Price Mechanisms for Marketplaces
A marketplace consists of supply - provided by sellers and demand - created by buyers.
A marketplace matches buyers with sellers.
We consider real or virtual goods (items). We do not consider here service marketplaces such as Uber.
A fundamental function of the marketplace is the pricing of items transacted through the market.
What mechanism can the marketplace use to set the price of the items sold through the market?
Pricing of Items
There are three basic models.
The traditional model of pricing is the fixed price per item. A seller sets a price. A buyer either buys the thing at the set price and or not.
An old but less used model for pricing is to carry an auction for an item. In an auction, buyers place bids with an increasing price for an item until one buyer wins. Usually, an auction runs for a predetermined duration.
In economics, this type of auction is called an English auction. And it is the one common in marketplaces. But note that other types of auctions are possible. For example, one can consider the Dutch auction. An object's price in a Dutch auction goes down in fixed increments over time until it receives a bid at the current price.
A rising pricing model in marketplaces for collectibles or sneakers is that of an exchange. So these items are scarce. However, at any given moment, a certain quantity of the object is available at the marketplace.
An exchange operates by setting an item's price as a balance of the stream of asks and bids for the thing. A seller's proposal specifies the requested price per unit of the item and the number of units for sale. Such a proposal is called an ask. The buyer's suggestion determines the suggested price at which the buyer is willing to buy a unit of the item and the number of units to buy. Such a proposal is called a bid.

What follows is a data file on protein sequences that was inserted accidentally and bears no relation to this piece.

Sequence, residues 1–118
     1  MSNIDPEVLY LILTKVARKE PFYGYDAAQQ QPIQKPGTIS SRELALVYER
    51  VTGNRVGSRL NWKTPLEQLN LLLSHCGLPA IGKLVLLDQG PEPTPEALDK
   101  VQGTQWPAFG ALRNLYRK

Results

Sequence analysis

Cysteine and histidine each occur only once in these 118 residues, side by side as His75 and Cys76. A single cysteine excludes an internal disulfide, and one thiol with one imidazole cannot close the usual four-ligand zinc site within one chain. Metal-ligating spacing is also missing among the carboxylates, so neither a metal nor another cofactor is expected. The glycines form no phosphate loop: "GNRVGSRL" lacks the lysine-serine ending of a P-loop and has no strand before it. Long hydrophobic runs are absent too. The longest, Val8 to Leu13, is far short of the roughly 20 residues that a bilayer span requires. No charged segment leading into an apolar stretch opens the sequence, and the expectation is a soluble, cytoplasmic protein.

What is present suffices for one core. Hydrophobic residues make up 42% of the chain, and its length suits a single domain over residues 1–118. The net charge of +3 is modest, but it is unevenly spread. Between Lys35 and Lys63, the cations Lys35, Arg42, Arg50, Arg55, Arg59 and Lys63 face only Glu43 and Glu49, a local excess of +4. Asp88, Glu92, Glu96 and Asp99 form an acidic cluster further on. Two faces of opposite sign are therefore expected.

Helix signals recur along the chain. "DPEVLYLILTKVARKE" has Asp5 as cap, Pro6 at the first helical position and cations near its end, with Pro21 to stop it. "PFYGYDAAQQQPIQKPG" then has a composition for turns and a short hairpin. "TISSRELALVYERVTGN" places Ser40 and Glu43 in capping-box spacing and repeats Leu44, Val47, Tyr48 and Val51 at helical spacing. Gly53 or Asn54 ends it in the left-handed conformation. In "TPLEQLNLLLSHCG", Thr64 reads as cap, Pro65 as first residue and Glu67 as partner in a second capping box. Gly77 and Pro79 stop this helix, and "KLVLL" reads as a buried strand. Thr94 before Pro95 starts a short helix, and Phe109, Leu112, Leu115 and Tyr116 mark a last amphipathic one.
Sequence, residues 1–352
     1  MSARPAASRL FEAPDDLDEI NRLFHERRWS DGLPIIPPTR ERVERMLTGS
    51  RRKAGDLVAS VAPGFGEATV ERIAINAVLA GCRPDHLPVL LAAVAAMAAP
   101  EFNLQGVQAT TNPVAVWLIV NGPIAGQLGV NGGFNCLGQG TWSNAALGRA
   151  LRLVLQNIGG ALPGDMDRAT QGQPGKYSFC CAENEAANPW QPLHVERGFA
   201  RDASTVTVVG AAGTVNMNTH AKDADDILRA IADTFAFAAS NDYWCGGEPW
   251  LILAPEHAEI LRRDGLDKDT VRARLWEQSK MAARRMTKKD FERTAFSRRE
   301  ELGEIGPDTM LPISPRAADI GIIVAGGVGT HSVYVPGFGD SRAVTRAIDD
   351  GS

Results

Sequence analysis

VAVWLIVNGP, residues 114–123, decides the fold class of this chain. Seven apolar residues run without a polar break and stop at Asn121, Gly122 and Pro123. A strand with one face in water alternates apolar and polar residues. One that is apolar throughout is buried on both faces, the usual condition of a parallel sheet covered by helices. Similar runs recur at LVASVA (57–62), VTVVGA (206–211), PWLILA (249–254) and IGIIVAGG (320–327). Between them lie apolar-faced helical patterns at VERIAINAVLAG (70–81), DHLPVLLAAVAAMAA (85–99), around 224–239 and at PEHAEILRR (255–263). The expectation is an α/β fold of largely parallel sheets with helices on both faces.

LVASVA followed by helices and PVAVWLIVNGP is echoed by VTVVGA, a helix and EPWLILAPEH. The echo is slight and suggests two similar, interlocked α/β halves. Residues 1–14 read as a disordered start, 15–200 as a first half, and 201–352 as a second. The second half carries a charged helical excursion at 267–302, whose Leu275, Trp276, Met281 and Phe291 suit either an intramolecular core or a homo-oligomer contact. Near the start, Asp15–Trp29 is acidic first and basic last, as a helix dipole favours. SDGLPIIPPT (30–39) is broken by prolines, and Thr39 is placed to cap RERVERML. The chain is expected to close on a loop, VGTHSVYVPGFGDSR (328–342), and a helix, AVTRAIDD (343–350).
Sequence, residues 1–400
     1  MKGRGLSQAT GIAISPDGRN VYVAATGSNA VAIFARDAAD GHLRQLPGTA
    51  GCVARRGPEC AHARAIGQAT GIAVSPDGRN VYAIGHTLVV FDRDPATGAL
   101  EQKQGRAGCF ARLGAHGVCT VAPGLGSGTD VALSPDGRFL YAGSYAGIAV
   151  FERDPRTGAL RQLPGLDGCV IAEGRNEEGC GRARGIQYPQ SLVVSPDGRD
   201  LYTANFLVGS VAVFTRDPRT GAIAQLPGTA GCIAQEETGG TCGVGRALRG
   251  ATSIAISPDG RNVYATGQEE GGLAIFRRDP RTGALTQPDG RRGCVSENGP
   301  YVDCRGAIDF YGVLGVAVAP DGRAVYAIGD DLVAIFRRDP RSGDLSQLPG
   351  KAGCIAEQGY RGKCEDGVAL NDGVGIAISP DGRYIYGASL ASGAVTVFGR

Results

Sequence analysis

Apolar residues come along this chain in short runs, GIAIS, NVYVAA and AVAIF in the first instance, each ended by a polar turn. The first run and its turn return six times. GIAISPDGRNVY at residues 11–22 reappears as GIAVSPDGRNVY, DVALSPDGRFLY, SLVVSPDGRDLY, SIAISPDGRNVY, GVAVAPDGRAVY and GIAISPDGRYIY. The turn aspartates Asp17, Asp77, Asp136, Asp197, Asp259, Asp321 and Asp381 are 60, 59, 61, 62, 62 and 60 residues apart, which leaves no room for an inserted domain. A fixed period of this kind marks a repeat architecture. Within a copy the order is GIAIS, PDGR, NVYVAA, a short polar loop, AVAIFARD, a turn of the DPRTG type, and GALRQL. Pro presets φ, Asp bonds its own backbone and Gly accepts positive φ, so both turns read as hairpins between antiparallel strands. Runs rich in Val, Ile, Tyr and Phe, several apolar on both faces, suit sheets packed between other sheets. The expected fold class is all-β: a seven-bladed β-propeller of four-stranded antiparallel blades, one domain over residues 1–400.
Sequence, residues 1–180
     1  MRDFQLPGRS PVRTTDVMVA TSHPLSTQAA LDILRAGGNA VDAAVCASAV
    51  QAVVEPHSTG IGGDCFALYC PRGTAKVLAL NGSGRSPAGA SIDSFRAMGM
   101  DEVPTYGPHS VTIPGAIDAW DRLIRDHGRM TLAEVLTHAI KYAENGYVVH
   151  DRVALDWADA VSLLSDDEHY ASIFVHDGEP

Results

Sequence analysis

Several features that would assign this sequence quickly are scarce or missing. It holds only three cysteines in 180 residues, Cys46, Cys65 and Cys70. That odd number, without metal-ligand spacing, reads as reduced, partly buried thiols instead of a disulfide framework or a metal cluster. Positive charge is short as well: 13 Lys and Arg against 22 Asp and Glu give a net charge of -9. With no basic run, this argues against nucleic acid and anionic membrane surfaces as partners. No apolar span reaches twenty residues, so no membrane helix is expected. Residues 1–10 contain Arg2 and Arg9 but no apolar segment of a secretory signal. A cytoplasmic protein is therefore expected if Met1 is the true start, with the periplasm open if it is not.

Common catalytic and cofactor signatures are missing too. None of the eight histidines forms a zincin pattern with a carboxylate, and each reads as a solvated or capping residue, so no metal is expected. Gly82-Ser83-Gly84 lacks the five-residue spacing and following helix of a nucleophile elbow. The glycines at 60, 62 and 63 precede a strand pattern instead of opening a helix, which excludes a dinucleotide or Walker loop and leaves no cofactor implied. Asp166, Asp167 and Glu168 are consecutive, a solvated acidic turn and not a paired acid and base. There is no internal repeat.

The marketplace then matches the asks and bids in terms of prices and quantities. A transaction occurs between a seller and a buyer. In a transaction, some or all of the amount of the respective ask and bid changes ownership.
The marketplace announces an item's price after each transaction, as the price at which the transaction occurred.
Which Pricing Model is Better for a Marketplace?
Like in many things in business and life, the answer is it depends on.
A fixed price for items is the most straightforward price mechanism. But setting a fixed price requires the supply side to have a clear idea of the price of an object. When the supply side is a store selling merchandise, it will have such an evaluation based on its cost. However, as marketplaces become more populated by individuals selling stuff they own, such as furniture, this no longer holds.
Auctions are better for a seller when you cannot know how much an item can fetch. The increasing rise in second-hand, recycled, and sustainable E-Commerce will make this the more frequent case in 2021 and onwards.
For an exchange pricing mechanism to work, one needs a steady stream of asks and bids for the same item. Such a stream will be available for sneakers, but not for most objects that people wish to sell from home.
In the future, into 2021, we believe the auction mechanism will become much more dominant as a price-setting mechanism in marketplaces.